Species Survival Plan
White-tailed deer, raccoons, rabbits, rodents and nutria
Originally Native To
24 inches at shoulder
45 - 80 lb.
Intermediate in size between gray wolves and coyotes; coat color is typically brown with red and black accents along the legs, head and ears
62 - 63 days
1 - 8 pups
April - May
Wild 7 - 10 years
Captivity 12 - 15 years
Packs of 5 - 8 wolves made up of an alpha pair and offspring of different ages
About Red Wolf
The howl of the red wolf was once heard throughout the southeastern United States from Texas to Illinois, but now it has become a rarity. The red wolf has become one of the world’s most endangered species. Smaller than its northern cousin, the gray wolf, and larger than the coyote, the red wolf weighs 45-80 pounds.
Their coat is a mixture of brown, tan and black with red accents on their ears, head and throughout their entire coat. They are social animals who live in small packs consisting of a mated pair that will stay together for life and their offspring of different years, typically being 5-8 animals. After a 60-63-day gestation period, the mother will give birth to 4-5 pups on average in April or May.
These wolves have a very shy and timid personality – tending to stay clear of human activities in the wild. The red wolf’s diet consists mostly of white-tailed deer, raccoons, rabbits and rodents. Since most prey items are small mammals, red wolves do not have to rely solely on pack hunting like the Mexican gray wolves do.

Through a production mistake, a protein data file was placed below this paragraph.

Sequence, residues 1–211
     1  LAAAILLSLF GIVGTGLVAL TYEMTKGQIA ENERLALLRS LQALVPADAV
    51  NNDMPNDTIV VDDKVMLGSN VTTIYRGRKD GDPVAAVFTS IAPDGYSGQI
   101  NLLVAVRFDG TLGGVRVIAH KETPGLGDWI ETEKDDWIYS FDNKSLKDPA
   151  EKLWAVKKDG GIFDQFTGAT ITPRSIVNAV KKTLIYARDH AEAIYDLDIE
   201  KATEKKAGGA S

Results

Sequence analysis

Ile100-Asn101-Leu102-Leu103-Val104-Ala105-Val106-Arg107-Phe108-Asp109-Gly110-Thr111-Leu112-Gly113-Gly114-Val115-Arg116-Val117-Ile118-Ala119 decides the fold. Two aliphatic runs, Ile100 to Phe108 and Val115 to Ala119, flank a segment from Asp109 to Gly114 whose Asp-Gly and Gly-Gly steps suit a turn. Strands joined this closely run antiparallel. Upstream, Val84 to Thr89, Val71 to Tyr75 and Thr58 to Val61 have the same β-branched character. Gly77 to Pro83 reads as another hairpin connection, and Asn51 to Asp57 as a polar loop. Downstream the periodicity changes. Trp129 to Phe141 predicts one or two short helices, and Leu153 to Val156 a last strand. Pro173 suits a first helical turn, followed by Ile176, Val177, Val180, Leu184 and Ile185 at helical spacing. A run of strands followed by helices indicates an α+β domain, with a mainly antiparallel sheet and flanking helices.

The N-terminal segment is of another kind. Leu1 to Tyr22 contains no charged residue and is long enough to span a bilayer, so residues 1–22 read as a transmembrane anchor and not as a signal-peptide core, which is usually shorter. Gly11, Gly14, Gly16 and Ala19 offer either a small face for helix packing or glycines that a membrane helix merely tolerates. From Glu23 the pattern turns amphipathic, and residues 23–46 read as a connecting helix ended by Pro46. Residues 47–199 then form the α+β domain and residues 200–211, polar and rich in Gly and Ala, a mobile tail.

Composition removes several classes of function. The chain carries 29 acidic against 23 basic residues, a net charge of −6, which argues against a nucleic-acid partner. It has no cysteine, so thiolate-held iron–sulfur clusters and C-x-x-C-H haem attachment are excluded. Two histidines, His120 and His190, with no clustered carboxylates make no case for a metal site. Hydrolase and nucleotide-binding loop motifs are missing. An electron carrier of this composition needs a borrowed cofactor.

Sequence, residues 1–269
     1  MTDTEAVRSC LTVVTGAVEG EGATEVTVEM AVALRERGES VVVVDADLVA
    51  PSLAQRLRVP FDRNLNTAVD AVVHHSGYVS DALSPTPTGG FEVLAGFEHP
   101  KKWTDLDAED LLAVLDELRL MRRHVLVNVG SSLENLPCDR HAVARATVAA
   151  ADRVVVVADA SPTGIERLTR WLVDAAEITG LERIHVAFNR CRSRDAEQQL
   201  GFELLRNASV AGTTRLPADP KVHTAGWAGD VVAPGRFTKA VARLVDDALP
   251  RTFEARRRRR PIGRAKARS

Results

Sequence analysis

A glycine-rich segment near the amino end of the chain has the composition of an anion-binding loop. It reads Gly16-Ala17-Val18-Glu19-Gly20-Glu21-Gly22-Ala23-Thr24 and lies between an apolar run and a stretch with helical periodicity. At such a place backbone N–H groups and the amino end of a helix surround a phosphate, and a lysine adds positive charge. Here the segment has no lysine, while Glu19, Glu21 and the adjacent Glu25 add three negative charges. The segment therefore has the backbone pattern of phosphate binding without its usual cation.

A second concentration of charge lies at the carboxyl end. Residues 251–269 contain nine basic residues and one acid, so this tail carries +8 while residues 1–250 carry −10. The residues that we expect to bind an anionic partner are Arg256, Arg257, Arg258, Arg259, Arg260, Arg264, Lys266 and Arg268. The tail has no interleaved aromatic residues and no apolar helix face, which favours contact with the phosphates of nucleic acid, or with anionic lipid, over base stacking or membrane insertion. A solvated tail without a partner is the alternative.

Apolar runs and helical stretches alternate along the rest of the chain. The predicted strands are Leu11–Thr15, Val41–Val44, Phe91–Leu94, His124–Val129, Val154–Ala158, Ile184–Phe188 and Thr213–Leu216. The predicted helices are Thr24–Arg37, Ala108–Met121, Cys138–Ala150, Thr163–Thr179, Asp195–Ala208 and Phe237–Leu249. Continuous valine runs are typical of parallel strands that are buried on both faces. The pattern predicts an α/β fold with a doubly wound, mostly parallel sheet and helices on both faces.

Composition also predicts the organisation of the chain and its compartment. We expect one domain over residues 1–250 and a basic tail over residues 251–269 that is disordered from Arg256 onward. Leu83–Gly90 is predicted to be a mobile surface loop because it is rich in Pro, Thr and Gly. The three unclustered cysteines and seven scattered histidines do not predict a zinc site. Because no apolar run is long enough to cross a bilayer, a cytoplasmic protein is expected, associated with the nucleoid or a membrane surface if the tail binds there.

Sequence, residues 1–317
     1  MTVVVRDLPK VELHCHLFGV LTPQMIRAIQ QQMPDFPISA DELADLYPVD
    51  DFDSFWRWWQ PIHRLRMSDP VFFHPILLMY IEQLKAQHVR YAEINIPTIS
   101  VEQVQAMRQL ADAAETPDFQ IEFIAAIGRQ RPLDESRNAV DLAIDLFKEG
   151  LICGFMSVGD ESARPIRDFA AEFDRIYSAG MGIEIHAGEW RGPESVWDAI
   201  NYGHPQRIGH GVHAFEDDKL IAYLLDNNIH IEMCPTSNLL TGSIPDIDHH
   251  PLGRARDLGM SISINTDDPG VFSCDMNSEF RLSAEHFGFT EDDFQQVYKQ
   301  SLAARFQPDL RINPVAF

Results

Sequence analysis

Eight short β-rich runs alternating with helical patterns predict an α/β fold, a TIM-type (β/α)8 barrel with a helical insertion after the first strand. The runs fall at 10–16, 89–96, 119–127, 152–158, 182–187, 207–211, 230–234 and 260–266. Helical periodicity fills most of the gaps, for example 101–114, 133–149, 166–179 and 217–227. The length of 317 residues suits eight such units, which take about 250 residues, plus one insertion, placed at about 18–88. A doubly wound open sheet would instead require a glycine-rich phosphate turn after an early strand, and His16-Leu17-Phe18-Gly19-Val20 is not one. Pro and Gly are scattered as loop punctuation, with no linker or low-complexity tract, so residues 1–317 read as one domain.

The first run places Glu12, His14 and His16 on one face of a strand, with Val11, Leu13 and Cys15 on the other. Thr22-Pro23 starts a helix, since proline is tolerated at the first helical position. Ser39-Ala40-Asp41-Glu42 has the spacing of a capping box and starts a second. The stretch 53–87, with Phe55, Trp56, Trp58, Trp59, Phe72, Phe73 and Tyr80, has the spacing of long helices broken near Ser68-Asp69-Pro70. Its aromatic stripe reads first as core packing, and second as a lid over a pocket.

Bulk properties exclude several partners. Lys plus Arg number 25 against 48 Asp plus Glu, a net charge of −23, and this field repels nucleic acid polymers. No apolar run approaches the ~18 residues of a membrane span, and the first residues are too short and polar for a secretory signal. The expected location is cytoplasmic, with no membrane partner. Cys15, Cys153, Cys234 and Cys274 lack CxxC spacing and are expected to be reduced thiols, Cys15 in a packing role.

Today, they only live on a 1.7-million-acre refuge in North Carolina’s Alligator River National Wildlife Refuge. By the 1960s, the red wolves’ habitat was continually being destroyed and with the presence of intense predator control programs that were killing them off, they were left on the brink of extinction. So, with hopes of creating a captive breeding program, more than 400 canids were caught near Texas and Louisiana, but of these 400 animals caught – only 17 were identified as pure red wolves.
In 1980, the red wolf was officially declared extinct in the wild and all hope to one day be able to release these wolves back into the wild was placed in the hands of the captive breeding program. That time came in 1987, when the captive breeding program proved to be a huge success and reintroduction began in North Carolina with the release of red wolves into the Alligator River National Wildlife Refuge.
The following year, the first litter of red wolf pups was born in the wild on this land and proved to be an important milestone in the recovery of this wolf. The red wolf continues to face problems, but in 2019 there were an estimated 25-35 wild red wolves living in North Carolina with around 240 living in captive facilities throughout the United States.
Fossil Rim has been a breeding facility for the Red Wolf SSP since 1989 and has produced 31 pups as of 2018. These wolves are housed in the Intensive Management Area and can be viewed on the Behind-the-Scenes Tour. A non-reproductive female red wolf lives beside the Children's Animal Center.
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As a private nonprofit corporation, Fossil Rim does not receive national or state government support. Every cent spent or donated here goes in some way, directly or indirectly, toward the care of our animals.